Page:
A special thankyou goes to Jim Ross who produced the designs, progressed the Building Control issues, liaised with the suppliers and personally constructed much of the off-site build. Without this help the project would not be where it is today. Also, Allan Young, who as MO for the bothy acted as liaison with the estate for the many issues that arose.

THE SITE:
The canteen
Our canteen was built as a 4.8m base with full-length work surfaces on two sides for the cooks’ use. We installed a sink in one of the sides and a microwave cooker was available on the other when needed. Photovoltaic (PV) lighting was provided over the work area if needed.

The dining table was a 1.2m x 2.4m OS board, loosely resting on the existing bothy table. Seating 17 people around it was a challenge, however the lesser numbers that were the norm could be accommodated more easily. A separate drinks table was a must on a project like this!

THE BOTHY:
Removal of the roof
Existing drive nails were more deeply embedded than anticipated and attempts to remove them using a wrecking bar and hammer proved an impossible task. An angle grinder was eventually used to cut off the heads. This process proved quicker, but there were a vast number of nail heads still to remove. Once these were gone, the old corrugated sheets could be taken down and handed to ground level for transportation to the estate skip where they were to be recycled. On roofreplacement projects, these sheets often hang around at the back of a bothy for a year or two, even more. But on this occasion the process of disposal was made quick and easy.

After much deliberation about how best to remove the existing 6 large roof trusses, a method statement was produced. Once they could be seen clearly, we changed our method again and did something different! I must add that the final removal method worked well – it remained safe and no damage to the wall heads occurred.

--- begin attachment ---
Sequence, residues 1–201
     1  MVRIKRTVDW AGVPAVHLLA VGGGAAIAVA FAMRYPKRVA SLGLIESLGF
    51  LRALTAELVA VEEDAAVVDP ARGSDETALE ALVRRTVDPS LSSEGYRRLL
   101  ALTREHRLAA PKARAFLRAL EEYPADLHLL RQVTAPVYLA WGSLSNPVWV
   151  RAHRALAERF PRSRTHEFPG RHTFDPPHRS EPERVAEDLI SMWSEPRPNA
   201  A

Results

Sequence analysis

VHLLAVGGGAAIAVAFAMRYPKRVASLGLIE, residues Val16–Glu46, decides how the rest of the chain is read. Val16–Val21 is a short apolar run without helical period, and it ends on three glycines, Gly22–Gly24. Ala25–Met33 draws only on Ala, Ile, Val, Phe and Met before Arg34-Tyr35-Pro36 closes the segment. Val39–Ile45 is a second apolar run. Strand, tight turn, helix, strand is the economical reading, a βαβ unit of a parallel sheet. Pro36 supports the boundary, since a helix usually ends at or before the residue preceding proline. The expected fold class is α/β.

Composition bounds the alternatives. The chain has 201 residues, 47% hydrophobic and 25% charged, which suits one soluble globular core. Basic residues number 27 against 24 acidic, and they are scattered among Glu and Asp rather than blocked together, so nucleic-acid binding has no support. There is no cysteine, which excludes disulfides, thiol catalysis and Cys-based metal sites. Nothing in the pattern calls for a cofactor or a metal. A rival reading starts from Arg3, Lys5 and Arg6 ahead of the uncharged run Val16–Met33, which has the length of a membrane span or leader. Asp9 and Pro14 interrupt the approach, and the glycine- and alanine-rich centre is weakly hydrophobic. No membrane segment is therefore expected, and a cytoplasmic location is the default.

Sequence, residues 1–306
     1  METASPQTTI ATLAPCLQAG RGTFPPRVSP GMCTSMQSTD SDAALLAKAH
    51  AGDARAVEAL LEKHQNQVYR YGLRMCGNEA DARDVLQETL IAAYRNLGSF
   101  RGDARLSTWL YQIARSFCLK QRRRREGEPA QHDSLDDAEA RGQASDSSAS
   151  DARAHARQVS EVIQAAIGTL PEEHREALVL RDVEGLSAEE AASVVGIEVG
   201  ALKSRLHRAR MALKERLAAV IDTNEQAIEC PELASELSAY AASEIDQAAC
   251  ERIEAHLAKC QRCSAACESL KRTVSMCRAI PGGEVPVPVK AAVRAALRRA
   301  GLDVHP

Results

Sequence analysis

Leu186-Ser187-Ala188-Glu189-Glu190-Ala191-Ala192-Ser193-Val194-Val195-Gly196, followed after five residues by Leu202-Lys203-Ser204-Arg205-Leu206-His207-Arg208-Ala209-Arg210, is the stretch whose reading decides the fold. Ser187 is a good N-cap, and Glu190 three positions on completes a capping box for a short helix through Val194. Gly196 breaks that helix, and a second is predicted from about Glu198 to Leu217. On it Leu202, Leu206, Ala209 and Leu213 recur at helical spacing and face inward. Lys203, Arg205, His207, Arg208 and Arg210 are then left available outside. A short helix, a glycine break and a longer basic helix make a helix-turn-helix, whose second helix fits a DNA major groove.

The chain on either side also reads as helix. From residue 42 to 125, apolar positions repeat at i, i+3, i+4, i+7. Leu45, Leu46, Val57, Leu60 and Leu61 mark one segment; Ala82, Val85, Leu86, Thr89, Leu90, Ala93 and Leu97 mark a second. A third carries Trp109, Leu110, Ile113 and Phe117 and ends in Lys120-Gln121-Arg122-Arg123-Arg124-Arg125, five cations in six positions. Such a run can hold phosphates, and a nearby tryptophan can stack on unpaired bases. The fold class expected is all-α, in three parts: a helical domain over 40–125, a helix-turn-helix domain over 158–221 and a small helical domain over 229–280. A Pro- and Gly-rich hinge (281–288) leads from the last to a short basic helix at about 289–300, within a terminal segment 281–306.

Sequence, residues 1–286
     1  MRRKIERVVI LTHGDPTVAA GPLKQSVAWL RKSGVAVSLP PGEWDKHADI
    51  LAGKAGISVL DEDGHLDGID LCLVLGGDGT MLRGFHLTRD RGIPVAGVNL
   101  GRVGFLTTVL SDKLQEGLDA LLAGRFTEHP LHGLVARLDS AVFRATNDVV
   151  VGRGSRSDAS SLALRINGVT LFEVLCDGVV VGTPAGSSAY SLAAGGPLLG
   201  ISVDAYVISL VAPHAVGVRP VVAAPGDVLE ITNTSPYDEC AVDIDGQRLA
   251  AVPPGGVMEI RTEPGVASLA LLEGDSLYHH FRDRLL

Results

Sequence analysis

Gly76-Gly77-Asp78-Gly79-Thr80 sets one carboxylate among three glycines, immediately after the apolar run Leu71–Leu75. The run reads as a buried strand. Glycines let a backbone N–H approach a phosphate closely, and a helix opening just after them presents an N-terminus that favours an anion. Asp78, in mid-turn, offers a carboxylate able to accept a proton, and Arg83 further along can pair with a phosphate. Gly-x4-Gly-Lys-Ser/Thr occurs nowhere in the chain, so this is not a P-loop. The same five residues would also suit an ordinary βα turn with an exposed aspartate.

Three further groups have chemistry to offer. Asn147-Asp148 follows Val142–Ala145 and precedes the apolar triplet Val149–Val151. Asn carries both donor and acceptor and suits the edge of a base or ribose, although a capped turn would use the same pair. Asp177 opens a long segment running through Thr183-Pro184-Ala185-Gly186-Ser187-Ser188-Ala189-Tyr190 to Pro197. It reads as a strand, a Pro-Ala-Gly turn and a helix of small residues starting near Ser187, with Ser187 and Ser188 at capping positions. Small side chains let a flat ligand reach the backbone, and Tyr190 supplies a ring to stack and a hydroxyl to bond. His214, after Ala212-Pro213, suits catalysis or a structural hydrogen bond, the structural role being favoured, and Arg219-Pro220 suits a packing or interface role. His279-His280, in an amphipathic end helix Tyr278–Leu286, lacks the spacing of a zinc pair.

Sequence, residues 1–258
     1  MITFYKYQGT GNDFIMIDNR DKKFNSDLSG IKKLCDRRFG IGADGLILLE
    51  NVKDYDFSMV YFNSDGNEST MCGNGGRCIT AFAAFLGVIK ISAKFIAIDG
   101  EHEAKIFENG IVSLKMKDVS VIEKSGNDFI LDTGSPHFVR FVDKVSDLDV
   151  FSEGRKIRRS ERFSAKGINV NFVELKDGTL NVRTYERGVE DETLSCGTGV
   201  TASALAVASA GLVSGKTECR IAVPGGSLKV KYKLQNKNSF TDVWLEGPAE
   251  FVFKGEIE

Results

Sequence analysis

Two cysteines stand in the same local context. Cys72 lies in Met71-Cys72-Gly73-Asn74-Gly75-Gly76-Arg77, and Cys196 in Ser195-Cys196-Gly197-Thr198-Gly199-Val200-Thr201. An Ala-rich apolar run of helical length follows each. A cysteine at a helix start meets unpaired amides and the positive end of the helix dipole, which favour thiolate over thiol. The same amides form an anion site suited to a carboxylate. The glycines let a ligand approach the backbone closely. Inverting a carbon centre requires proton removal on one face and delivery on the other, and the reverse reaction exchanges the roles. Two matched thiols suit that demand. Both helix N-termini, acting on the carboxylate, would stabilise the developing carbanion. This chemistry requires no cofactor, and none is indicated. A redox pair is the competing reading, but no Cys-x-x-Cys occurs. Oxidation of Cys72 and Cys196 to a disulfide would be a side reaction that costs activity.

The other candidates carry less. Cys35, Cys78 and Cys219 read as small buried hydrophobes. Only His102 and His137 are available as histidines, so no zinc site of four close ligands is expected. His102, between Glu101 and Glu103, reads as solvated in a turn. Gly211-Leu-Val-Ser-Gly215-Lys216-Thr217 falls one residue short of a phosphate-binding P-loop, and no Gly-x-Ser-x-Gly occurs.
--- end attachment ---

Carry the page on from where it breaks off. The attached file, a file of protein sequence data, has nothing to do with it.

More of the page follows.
Craig Marshall, the recently appointed Health and Safety adviser to the MBA, attended the project and noticed no defects during his visit. He provided some useful feedback that will be built into future projects.

Renovation of the wall heads
Once the roof was off, the full extent of the work needed to renovate the wall heads on both sides and ends of the bothy was revealed. The wall heads at the gable ends needed a lot of work and this took more time than anticipated, however with the help of 17 volunteers, we had enough people to complete the job.

Installation of the trusses and roof sheets
After careful measurement, the first trusses were quickly installed. Corrugated aluminium roof sheets were next (pre-measured to fit this roof so that a single sheet ran vertically from top to bottom) were held down by 8mm stainless steel screws.

Two Velux windows were installed in the rear to allow light into the bothy via clear ceiling sheets above two of the rooms.

Flashing was installed on the chimneys and aluminium gutters and down pipes were added to the front and rear of the building.

Lime pointing
A considerable amount of lime pointing was undertaken on both internal and external walls. The exterior of the western and southern elevations needed the most work as these faced the prevailing winds and rain and the old mortar was falling out. The other two external walls needed much less work. More than one tonne of sharp sand was used in the pointing process and a number of volunteers were kept busy over many days. For some, this was the first time they had carried out pointing work, but there were also many veterans of this process.

The intense sun and dry wind did not help in curing the mortar, so frequent misting was required to keep the mortar from drying out, we hung hessian sack to shade the external walls.

Internal fittings
We updated the bothy’s interior layout to accommodate three rooms (two with a fireplace), one with a sleeping platform plus an internal porch.
Tongue and groove boards were used for the ceiling and for cladding all stud walls inside the bothy. Once the measurement process had been established, the system became efficient and kept six volunteers busy for several days. The existing internal stone walls were pointed, so we did not apply cladding to them.

Insulation was rolled out above the ceiling in the roof in order to retain heat.

FINAL STAGES & COMPLETION:

Building Control
During the third week we were inspected by Building Control from Fort William. The inspector arrived by bike on a stinking hot day and looked like he was about to expire, so we gave him cold drinks and Christmas cake to revive him. He reviewed the build and compared what we had done with the drawings, reporting that all was well.